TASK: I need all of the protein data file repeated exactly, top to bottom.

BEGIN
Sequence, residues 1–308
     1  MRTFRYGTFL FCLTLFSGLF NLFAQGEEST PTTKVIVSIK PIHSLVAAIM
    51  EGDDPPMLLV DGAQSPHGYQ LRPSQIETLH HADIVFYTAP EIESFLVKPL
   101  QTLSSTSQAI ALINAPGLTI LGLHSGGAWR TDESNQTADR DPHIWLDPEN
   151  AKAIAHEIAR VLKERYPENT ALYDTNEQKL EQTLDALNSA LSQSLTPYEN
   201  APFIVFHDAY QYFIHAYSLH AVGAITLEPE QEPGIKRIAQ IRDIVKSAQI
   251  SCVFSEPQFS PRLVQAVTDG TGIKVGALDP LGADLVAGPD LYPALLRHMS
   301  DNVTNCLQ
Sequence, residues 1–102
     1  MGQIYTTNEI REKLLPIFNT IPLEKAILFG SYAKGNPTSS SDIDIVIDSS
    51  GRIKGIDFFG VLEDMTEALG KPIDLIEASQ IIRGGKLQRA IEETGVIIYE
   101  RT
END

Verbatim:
Sequence, residues 1–308
     1  MRTFRYGTFL FCLTLFSGLF NLFAQGEEST PTTKVIVSIK PIHSLVAAIM
    51  EGDDPPMLLV DGAQSPHGYQ LRPSQIETLH HADIVFYTAP EIESFLVKPL
   101  QTLSSTSQAI ALINAPGLTI LGLHSGGAWR TDESNQTADR DPHIWLDPEN
   151  AKAIAHEIAR VLKERYPENT ALYDTNEQKL EQTLDALNSA LSQSLTPYEN
   201  APFIVFHDAY QYFIHAYSLH AVGAITLEPE QEPGIKRIAQ IRDIVKSAQI
   251  SCVFSEPQFS PRLVQAVTDG TGIKVGALDP LGADLVAGPD LYPALLRHMS
   301  DNVTNCLQ
Sequence, residues 1–102
     1  MGQIYTTNEI REKLLPIFNT IPLEKAILFG SYAKGNPTSS SDIDIVIDSS
    51  GRIKGIDFFG VLEDMTEALG KPIDLIEASQ IIRGGKLQRA IEETGVIIYE
   101  RT